Published on May 19th, 2016 | by Boris
2016 TRIUMPH BONNEVILLE T120 – THE LEGEND RETURNS…PROPERLY
Once upon a time, the Triumph Bonneville T120 was the greatest motorcycle in the world.
Named after the legendary prehistoric salt lake in Utah used to set World Land Speed records, the Bonny has carved its name into the bedrock of motorcycle history.
In 1959, when Triumph took its single-carbed Tiger and whacked another Amal on it, the Bonneville became THE British bike to own and ride.
The ‘120’ in its name stood for its top speed in miles per hour, and back in those days, 120mph (193km/h) was a pretty big deal. Sure it had its issues. What British bike of that era didn’t? But it’s only in retrospect that we see these issues. Back in those days, smoking electrics, pockets full of spanners, and total-loss oil systems were perfectly normal.
And it was a time when Britain truly ruled the motorcycle world in terms of performance, with the Bonneville pretty much at the top of the heap.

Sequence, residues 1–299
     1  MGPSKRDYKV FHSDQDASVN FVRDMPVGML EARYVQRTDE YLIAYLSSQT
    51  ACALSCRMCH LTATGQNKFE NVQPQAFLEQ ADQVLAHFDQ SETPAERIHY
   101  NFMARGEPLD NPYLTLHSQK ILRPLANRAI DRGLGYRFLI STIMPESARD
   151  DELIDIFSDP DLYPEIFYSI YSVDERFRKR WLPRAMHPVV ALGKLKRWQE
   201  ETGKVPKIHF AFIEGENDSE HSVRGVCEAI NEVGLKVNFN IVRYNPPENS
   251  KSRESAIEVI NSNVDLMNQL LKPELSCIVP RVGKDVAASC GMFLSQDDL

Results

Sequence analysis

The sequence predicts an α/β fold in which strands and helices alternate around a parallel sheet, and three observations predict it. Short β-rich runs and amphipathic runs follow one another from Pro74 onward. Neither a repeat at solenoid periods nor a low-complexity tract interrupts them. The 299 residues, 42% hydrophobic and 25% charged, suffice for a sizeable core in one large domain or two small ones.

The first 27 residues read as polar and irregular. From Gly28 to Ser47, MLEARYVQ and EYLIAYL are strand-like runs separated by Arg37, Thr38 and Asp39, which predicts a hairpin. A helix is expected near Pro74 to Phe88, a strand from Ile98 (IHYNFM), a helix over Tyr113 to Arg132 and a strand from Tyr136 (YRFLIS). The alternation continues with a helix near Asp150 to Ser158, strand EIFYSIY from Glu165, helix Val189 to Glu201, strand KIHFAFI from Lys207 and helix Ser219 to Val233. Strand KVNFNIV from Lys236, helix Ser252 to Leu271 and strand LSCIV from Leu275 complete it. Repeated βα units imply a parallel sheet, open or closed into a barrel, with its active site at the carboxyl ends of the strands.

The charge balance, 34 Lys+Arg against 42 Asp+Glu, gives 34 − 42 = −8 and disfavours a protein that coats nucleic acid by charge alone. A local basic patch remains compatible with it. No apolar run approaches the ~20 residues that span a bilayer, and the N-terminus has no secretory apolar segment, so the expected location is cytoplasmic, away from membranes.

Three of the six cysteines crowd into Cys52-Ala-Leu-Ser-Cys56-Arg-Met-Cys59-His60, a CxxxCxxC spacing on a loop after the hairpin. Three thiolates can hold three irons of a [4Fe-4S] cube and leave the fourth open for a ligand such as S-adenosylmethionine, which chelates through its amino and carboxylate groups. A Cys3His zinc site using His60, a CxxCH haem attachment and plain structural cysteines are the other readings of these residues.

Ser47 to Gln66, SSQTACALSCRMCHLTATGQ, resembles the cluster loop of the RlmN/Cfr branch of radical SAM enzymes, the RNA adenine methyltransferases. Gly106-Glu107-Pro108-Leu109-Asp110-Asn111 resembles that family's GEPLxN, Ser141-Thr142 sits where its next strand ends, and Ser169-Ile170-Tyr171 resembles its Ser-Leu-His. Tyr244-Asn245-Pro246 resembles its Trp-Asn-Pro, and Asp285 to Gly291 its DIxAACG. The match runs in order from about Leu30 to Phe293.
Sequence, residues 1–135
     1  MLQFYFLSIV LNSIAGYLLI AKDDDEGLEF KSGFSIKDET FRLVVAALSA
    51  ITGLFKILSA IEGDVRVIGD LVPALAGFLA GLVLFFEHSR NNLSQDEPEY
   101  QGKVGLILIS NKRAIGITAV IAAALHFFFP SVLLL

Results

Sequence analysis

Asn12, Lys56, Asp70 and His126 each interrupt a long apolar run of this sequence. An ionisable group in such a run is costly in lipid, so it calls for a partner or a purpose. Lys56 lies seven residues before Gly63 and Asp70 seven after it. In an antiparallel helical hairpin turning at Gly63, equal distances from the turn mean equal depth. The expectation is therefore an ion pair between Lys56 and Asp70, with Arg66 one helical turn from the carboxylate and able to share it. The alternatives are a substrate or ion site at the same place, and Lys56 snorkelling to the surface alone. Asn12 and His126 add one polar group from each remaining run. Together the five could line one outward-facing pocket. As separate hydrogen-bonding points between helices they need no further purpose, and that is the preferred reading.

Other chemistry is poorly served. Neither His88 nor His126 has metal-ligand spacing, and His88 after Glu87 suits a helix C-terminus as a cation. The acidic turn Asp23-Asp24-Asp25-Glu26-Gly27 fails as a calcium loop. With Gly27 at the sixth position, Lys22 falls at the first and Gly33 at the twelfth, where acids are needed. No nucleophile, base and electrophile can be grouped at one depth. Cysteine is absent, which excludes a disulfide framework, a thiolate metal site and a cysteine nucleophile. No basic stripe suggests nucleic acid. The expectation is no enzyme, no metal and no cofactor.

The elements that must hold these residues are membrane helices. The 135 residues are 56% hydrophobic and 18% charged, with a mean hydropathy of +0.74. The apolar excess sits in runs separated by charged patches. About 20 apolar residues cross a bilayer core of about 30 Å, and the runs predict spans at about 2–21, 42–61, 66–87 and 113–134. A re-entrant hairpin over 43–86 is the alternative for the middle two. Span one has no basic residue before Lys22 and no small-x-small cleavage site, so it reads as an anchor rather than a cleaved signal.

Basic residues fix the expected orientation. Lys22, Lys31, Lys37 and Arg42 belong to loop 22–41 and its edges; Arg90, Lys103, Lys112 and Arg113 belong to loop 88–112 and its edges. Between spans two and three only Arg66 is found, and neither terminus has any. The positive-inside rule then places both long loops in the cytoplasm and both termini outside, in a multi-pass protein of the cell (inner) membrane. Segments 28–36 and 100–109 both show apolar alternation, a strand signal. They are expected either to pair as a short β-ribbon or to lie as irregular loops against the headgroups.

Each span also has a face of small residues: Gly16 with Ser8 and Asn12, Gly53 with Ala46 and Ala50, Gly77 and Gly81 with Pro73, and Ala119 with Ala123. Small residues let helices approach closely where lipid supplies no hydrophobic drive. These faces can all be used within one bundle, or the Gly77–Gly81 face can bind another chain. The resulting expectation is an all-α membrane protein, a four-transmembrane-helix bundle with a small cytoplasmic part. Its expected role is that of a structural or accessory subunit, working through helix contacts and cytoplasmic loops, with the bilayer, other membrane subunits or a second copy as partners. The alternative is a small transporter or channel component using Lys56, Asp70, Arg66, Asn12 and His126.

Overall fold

But not only did it go, it was also quite one of the most aesthetically beautiful bikes people had ever seen. To this day, its petrol tank is the metallic embodiment of perfection, with a flowing purity of line that has often been imitated, but never quite replicated.
I bought a 1979 Tiger (I couldn’t afford the twin-carbed Bonneville) and loved it like a mental patient adores his straightjacket. It comforted me, exalted me and tortured me simultaneously, which is what a great bike does to its owner.
Outlaws rode them, cops rode them, and even after the Japanese started building relatively more reliable rocketships in the early Seventies, the Bonneville was still where everything cool was at.
The ‘last’ Bonneville came out of Meriden in 1983, when the factory closed, and that was, apparently that. But a fellow named John Bloor acquired Triumph, and licenced a company called Racing Spares to keep on keepin’ on.